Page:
CHICAGO — In a Chicago courtroom over the coming weeks, the spotlight will focus on one night in 2014, 16 gunshots, a white police officer, the death of a black teenager and an essential question: Murder or self-defense? Chicago Police Officer Jason Van Dyke faces murder charges in the killing of 17-year-old Laquan McDonald, a shooting captured in a silent dashcam video that stirred outrage, upended politics and fueled the city’s racial tensions. While the jury trial that begins Monday revolves around the events of Oct. 20, 2014, it also draws fresh attention to the problems a troubled department has wrestled with for decades. By Sharon Cohen. SENT: 1,300 words, photos.
RAUNER AND TRUMP
SPRINGFIELD, Ill. — Education Secretary Betsy DeVos was campaigning against states regulating student-loan companies when she called her friend, Gov. Bruce Rauner, in August 2017. Two weeks later, the Republican governor vetoed legislation creating protections for students taking out federal loans. In language that echoes President Donald Trump’s education chief in her continuing crusade against state intervention, Rauner, who’s considered one of the nation’s more vulnerable incumbents in November, declared in his veto message that the measure “encroaches on the federal government’s responsibilities.” The Aug. 10, 2017, phone call, which appears on both officials’ appointment calendars reviewed by The Associated Press, underscores the interaction the first-term governor has with Trump while publicly trying to distance himself from a president who is hugely unpopular in Democratic Illinois. By John O’Connor. UPCOMING: 800 words.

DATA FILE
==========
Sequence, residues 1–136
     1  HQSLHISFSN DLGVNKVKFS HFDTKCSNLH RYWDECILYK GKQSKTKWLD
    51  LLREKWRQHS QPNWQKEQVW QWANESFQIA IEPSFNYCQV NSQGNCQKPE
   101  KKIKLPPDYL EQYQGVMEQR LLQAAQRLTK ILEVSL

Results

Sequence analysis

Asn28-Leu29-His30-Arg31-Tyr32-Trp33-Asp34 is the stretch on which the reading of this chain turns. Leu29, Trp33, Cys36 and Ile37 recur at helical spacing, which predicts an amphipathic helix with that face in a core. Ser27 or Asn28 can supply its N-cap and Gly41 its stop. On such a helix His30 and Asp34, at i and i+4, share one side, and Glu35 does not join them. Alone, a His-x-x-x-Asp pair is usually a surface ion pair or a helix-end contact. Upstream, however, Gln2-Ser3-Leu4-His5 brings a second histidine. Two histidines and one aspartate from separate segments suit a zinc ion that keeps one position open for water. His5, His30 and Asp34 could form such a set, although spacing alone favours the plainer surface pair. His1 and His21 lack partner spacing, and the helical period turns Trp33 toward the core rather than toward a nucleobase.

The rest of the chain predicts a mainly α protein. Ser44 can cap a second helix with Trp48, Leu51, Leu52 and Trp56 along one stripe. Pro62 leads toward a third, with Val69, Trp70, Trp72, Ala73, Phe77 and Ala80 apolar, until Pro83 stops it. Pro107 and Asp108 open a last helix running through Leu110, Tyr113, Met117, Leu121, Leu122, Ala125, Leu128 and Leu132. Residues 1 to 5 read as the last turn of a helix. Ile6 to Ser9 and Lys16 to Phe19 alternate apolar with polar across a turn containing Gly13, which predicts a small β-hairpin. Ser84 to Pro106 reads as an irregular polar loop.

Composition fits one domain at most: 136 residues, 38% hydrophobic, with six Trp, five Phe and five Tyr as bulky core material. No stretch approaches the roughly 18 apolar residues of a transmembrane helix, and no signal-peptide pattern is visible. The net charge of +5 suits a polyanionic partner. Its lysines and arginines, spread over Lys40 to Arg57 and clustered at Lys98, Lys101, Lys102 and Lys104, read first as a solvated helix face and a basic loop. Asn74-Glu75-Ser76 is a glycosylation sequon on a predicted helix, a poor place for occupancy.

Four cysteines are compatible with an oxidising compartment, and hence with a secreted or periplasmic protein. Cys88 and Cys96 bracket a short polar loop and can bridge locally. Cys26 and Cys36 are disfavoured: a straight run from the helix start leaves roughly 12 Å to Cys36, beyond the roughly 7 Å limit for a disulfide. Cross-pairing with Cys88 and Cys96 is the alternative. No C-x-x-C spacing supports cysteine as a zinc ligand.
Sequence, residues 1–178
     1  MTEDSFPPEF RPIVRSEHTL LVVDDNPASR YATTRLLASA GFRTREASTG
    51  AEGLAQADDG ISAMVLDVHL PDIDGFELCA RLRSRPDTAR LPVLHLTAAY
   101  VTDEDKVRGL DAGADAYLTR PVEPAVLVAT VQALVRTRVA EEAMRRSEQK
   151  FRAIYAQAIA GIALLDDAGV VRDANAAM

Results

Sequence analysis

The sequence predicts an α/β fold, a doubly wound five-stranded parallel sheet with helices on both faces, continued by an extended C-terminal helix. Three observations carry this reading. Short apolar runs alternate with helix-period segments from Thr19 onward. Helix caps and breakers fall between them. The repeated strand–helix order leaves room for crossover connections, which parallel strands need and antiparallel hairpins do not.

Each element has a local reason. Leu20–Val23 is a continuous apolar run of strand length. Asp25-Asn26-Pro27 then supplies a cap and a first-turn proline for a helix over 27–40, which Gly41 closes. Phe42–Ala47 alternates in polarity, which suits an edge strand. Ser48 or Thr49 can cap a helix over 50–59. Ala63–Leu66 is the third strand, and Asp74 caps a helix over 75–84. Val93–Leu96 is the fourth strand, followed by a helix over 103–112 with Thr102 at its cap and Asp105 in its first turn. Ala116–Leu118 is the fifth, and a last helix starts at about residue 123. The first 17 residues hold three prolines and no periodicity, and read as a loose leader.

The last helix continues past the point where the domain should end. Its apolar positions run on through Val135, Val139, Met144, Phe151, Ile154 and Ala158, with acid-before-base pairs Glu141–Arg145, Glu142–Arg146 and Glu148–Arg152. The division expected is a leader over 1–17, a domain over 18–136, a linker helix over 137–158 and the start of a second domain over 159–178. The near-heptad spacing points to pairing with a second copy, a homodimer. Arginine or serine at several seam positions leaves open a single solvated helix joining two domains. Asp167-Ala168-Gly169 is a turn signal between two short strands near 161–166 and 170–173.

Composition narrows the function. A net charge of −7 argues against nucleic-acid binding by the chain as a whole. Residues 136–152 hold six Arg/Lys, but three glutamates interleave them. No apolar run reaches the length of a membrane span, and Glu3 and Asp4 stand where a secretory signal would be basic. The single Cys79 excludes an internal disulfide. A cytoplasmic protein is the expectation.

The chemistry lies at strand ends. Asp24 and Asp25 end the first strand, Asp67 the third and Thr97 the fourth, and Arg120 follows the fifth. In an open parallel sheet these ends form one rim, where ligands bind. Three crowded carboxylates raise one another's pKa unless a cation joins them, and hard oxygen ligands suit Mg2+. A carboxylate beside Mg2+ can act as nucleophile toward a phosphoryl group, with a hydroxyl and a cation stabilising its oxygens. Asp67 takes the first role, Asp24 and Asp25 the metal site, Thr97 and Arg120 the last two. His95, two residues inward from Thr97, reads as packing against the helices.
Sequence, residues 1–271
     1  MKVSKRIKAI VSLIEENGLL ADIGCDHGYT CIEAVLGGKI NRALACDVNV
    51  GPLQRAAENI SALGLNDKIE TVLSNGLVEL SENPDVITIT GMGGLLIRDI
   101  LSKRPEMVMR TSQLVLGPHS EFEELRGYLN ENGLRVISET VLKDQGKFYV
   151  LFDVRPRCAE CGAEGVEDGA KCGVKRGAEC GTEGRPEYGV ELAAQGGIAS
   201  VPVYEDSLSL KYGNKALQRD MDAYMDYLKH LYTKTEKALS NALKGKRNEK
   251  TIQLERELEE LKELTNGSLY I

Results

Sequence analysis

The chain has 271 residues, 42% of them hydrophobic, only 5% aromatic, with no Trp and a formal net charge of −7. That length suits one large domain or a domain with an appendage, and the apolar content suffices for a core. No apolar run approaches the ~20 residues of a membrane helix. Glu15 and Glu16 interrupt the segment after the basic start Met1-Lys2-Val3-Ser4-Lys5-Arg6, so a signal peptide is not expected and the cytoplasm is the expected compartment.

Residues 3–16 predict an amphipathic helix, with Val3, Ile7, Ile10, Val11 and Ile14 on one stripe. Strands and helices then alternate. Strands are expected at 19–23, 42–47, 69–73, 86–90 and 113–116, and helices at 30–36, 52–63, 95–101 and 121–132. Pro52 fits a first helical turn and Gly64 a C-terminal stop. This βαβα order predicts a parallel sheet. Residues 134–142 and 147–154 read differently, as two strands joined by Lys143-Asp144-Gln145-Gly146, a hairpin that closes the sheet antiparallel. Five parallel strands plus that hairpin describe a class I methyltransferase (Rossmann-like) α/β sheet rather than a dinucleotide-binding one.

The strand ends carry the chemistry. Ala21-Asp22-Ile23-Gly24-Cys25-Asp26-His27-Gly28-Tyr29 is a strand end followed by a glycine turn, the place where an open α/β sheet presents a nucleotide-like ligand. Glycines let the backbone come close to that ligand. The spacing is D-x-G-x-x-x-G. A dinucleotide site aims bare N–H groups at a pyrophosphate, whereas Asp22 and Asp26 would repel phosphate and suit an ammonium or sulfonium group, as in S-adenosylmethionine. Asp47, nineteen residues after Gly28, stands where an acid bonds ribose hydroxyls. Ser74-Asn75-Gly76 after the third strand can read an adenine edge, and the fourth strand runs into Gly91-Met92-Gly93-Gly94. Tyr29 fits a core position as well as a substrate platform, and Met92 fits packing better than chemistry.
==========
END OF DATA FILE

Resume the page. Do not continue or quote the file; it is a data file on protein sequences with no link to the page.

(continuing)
— ROBBERIES SUSPECT-POLICE OFFICER: A suburban Chicago police sergeant and another man have been charged with robbing two gas stations at gunpoint.
— POLICE OFFICER-SHOT: A California man and convicted felon is being held without bond for allegedly firing on two suburban Chicago police officers during a traffic stop.
CHICAGO — Jose Quintana takes to the mound as the Chicago Cubs meet the Cincinnati Reds. The Cubs take to the field with Kris Bryant and Javier Baez out of the lineup. Luis Castillo will start for the Reds. UPCOMING: 600 words, photos.
BBN--CUBS-HEYWARD: Outfielder Jason Heyward has been activated from the 10-day disabled list by the Chicago Cubs.
BALTIMORE — Lucas Giolito, who had a quality start during his last outing in Kansas City, will start for the Chicago White Sox against the Baltimore Orioles. UPCOMING: 650 words, photos.
LAKE FOREST, Ill. — Khalil Mack sat out offseason workouts and the preseason, had just one week to learn a new system following a blockbuster trade, and still managed to dominate in his debut for the Chicago Bears. The two-time All-Pro performed exactly as envisioned in a prime-time opener. The Bears hope for more of that when they host Russell Wilson and the Seattle Seahawks on Monday night. They’d just like a different outcome. By Andrew Seligman. SENT: 820 words, photos.
Connor McDavid heard teammates talking about another potential lockout when he entered the NHL — in 2015. As he became one of hockey’s best players and signed the richest annual contract in the league, McDavid says he remains optimistic there will not be another work stoppages like those in 2004-05 and 2012-13 — but he protected himself anyway with contract language guaranteeing some early payment, just in case. By Stephen Whyno. SENT: 960 words, photos.